Rain, rain, rain…
Fortunately, and I don’t know how I’m doing it, but for most of the time, through all this rain we’re getting, I’ve avoided the actual downpours. And when I say downpour, that’s putting it mildly!
This morning, I was awoken by a very large boom! This boom scared the cats, who I imagine, were also sleeping soundly. Then I hear all the car alarms around the neighbourhood going off, and the next thing, rain so loud, and coming down so hard, not only could I not get back to sleep, but I couldn’t even see across the street.
As I’ve mentioned so often, I would much rather it rain than snow. The rain tends to clean up the streets. It makes the air seem clean. The thing I don’t like though, is the humidity. It makes everything feel wet, even though it’s not. Also, being in a warmer climate, before the rain actually begins, the humidity is so high, that I start to sweat before the rain. Just sitting here at the computer, trying to get my lessons done, the paper jams more often, the ink tends to bleed into the paper more, and I feel and look like I just stepped out of the shower.
I do though enjoy the rain. Where many people feel depressed or sad when it rains, I look at it this way. Eventually, the sun will shine again. I don’t consider myself a sad or depressed person, or someone who even gets to that point, so the rain doesn’t provoke those emotions.
Yesterday, I posted a second article. I was able to post it directly to my blog, so that is why there is no date. It was the text of commencement speech given by Mr. David McCullough Jr. to the 2012 graduating class at Wellesley High School, I assume, in Boston, Massachusetts.
What caught my attention first, was the headline on Yahoo.ca, “You’re Not Special”. Then, I read the speech itself. It’s interesting for a couple of reasons.
While reading the article, I kind of understood where Mr. McCullough was coming from. That is, being an educator myself, and reading what he had written, I could understand why he choose this theme.
We’ve all seen movies, or television shows, or even had classmates in school, who always felt they were ‘IT’! They were the ones who everyone wanted as a friend. They were the ones who always seemed to have the best clothes. They were the ones who just thought, they were better than anyone else. Everyone else was there to serve THEM! Watch a couple episodes of “Gossip Girl” and you’ll understand what I’m saying.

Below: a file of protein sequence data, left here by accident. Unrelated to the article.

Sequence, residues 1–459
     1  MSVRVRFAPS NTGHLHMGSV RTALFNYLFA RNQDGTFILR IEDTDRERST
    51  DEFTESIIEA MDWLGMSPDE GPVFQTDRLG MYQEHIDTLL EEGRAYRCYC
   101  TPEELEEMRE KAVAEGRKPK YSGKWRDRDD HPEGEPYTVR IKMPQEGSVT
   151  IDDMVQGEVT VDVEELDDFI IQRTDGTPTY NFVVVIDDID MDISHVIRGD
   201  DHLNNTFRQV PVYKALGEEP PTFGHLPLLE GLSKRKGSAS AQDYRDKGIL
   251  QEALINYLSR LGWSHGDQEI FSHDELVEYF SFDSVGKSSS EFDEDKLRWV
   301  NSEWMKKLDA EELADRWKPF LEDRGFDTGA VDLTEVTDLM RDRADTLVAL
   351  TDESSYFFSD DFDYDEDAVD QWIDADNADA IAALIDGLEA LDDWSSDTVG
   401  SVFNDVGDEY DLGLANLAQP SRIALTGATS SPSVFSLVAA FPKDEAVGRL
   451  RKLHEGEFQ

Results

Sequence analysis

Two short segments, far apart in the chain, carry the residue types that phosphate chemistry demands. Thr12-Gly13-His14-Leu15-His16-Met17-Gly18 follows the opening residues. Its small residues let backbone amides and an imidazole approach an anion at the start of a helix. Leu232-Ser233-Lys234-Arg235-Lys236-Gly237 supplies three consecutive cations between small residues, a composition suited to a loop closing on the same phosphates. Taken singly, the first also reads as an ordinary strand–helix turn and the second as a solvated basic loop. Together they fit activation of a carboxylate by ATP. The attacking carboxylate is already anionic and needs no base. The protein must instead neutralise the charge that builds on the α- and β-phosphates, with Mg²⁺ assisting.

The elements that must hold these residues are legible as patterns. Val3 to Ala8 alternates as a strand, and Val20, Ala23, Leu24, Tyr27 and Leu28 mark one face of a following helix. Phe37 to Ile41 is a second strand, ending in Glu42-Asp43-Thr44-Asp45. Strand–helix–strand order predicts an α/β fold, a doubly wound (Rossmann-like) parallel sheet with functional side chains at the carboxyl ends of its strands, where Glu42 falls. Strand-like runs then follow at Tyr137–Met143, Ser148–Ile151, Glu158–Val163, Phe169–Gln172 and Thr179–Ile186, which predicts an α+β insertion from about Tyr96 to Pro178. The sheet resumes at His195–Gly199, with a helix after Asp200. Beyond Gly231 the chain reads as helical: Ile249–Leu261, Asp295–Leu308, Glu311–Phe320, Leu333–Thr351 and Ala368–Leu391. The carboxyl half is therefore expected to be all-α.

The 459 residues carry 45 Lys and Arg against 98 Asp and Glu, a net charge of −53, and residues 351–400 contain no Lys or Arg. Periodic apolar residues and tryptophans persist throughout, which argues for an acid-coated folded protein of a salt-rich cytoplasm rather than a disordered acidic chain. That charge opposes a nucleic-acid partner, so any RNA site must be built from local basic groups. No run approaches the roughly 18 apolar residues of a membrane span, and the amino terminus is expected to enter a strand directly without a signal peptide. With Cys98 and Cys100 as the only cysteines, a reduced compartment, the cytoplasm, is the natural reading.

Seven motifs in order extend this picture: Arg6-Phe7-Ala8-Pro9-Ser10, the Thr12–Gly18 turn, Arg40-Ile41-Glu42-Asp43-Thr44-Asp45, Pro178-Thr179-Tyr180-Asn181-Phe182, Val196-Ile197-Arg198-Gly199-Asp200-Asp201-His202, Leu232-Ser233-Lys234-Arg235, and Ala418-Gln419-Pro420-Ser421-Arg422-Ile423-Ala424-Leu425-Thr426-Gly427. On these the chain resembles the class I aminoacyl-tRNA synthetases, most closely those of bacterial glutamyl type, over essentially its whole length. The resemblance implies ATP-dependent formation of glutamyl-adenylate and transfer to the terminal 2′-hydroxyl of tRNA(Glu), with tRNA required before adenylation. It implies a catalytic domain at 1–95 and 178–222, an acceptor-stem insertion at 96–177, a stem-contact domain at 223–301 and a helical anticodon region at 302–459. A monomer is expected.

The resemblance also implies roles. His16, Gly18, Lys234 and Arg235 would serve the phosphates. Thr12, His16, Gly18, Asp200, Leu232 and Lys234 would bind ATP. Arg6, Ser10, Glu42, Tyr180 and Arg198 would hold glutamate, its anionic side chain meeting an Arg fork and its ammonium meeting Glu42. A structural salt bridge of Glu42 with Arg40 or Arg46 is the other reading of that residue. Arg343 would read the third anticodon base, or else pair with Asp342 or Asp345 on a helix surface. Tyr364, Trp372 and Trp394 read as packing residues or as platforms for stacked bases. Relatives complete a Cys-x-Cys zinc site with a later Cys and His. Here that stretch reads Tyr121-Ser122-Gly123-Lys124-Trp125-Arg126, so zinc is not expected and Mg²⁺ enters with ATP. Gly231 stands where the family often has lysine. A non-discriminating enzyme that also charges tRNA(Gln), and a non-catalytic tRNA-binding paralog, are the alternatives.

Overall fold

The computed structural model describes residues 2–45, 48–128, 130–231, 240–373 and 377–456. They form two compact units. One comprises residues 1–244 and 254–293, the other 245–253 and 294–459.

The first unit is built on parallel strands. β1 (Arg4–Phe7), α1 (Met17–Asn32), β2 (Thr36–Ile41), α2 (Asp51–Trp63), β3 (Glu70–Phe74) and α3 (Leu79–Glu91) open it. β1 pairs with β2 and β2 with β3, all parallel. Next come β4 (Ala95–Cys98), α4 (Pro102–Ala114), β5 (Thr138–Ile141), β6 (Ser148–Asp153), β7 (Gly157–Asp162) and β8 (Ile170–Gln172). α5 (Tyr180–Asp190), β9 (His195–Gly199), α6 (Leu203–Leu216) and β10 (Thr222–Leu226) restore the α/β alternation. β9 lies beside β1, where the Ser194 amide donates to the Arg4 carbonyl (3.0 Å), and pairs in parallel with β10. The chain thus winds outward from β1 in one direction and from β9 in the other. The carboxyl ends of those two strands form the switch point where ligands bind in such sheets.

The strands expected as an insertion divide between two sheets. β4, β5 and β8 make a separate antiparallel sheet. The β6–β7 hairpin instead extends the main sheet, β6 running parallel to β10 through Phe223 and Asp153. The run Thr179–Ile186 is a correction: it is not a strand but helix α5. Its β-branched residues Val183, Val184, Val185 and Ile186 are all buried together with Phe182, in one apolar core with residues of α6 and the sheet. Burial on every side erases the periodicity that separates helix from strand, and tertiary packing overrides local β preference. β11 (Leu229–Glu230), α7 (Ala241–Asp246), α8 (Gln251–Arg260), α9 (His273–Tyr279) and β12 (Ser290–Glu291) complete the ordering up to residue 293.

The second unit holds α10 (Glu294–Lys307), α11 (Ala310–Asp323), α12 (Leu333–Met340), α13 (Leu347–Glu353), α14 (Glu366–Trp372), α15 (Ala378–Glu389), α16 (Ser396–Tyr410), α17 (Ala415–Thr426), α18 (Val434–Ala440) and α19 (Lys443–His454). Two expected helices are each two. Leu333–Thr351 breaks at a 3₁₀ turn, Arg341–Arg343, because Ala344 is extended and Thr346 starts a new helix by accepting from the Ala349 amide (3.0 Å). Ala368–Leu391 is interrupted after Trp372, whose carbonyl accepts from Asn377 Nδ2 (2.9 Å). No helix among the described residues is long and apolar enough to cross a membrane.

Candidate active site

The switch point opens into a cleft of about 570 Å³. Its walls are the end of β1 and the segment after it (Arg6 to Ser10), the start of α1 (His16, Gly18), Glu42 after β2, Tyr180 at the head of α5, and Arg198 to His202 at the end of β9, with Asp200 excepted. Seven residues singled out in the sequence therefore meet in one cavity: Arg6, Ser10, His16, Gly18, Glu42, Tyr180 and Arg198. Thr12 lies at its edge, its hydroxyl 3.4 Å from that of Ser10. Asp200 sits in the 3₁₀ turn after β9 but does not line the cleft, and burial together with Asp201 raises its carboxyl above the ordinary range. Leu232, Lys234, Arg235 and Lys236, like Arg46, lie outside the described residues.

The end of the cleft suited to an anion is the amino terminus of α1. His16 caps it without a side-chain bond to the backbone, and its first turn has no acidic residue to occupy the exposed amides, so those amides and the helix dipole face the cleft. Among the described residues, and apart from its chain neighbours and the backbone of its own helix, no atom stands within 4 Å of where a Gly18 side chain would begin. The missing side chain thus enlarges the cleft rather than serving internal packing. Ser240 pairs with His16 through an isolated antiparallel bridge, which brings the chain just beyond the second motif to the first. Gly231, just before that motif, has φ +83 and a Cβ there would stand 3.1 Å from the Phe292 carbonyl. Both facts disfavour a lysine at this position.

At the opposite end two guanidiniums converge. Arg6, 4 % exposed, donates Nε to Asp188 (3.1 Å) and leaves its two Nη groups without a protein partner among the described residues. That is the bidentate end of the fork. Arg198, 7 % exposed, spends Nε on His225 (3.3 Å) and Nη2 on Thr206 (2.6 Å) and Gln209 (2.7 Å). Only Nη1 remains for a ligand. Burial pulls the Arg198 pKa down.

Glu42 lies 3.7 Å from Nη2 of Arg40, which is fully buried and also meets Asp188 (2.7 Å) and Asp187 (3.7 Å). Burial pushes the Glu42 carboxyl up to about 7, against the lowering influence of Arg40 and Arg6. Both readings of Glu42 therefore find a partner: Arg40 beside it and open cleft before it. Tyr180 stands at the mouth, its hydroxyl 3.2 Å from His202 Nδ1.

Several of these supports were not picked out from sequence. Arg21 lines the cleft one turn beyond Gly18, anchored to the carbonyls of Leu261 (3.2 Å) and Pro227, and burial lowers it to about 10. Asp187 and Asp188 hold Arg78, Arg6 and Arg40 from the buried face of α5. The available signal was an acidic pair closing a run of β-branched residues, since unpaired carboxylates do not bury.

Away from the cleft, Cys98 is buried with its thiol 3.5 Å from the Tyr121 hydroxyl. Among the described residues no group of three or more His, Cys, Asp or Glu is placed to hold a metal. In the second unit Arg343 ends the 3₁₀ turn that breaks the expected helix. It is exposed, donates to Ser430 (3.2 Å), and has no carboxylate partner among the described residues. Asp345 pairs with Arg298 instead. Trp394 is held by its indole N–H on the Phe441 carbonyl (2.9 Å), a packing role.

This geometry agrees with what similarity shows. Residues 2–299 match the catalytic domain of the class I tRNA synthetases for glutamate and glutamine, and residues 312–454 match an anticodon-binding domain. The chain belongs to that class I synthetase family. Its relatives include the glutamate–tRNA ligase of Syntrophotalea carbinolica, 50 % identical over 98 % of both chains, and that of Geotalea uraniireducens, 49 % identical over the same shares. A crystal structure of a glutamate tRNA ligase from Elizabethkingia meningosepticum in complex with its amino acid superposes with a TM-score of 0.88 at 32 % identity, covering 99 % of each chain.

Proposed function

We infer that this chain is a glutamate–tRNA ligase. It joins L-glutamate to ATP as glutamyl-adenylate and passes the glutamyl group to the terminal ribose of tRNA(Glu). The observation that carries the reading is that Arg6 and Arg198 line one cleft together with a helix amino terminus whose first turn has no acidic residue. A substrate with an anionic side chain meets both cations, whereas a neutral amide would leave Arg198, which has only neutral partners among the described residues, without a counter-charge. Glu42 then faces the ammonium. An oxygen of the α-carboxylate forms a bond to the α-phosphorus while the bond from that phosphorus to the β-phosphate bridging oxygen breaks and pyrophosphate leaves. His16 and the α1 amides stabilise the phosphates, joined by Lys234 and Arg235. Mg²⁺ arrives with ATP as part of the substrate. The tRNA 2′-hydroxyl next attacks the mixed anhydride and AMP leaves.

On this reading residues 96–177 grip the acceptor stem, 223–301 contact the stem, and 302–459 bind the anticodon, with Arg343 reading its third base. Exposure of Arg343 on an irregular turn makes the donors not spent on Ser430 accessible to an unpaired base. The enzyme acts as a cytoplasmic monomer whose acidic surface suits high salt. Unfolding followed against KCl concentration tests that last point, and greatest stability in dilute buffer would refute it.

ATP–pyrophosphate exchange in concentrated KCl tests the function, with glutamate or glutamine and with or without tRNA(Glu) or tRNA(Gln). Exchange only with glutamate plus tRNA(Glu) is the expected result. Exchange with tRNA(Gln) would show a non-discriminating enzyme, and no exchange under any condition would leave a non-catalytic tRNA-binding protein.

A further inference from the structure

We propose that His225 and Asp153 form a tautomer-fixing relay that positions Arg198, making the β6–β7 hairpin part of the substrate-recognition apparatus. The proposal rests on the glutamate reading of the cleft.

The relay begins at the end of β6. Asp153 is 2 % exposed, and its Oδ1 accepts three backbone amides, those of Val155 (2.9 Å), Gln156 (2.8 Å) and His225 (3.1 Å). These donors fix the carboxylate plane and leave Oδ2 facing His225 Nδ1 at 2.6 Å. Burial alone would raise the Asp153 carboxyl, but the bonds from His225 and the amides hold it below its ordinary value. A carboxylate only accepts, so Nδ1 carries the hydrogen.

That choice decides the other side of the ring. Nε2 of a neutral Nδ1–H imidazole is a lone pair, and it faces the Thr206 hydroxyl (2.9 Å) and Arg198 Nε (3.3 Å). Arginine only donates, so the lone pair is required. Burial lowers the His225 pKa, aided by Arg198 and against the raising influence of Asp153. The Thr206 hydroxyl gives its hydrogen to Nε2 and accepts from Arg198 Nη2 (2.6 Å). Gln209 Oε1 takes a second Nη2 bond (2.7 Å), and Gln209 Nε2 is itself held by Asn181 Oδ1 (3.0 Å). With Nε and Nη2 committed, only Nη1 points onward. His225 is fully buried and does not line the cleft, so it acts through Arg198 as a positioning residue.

Even now, being a teacher, I can see certain students who have the same attitude. Even in a country as populated as Taiwan (for it’s relatively small land size), there are those who have the attitude that they are special.
To quote, “… you are not special.” No one is ‘special’. Perhaps to our parents, our loved ones, partners, friends, siblings – we may be special people, but on the world scene, no one is special.
You may argue, that someone like Obama or QEII or the Pope are all special people. They are famous, I’ll give them that. They are definitely under scrutiny all the time. I’ll give them that. But special? No.
When Mr. McCullough starting using numbers (statistics), that’s when it hit home I suppose. We all look at our world from our own view. Yes, we know there are over 6,000,000,000 people on the planet. But when you start getting into huge numbers when giving statistics, this is where most people would tune out.
He used stats pertaining to the United States. That’s fine. However, the basis is still pertinent. Even if you think about your own city, or if that is too small, your own province or state. And you don’t just have to think about graduating. Think about your job. Your position in your job.
Certainly, a quote from “Star Trek: The Next Generation”, where Worf’s son says, “… the higher, the fewer…” holds true. The higher your position in the community or workplace, the fewer people there are to compare you to, but, keep in mind, that you are still not ‘special’.
You are in a city. You work every day. You have a family. You eat. Sleep. Bleed. Then again, so do a lot of other people.
You work in a hospital. You are a doctor. You are a surgeon. You are neurologist. Then again, so do a lot of other people.
You go to school. You get good grades. You go to class every day. You are number one in your class/grade. So are a lot of other people.
I don’t think I need to beat this to death. I think if you have a brain, you can grasp the meaning behind Mr. McCullough’s speech. I don’t think he was trying to point out to any particular person, but to everyone in general. Get the graduates to understand, that just thinking or being told that you are special, doesn’t mean that you are special.
Parents and educators try to instill on their children and students that you are unique. We all have our own personalities, abilities, things we do well, and things we don’t. Special? Well, if that were the case, then as he said, there are over 6,000,000,000 special people out there. Once you look and realize that, then special isn’t really special anymore.
Do you stand out? Perhaps.
Live your life to the fullest. Respect others. Treat others as you want to be treated. I know, cliche, but… you may think and be told that you are special, and keep in mind, that 6,000,000,000 other people also think and are told that THEY are special.
That’s it, that’s all… for now!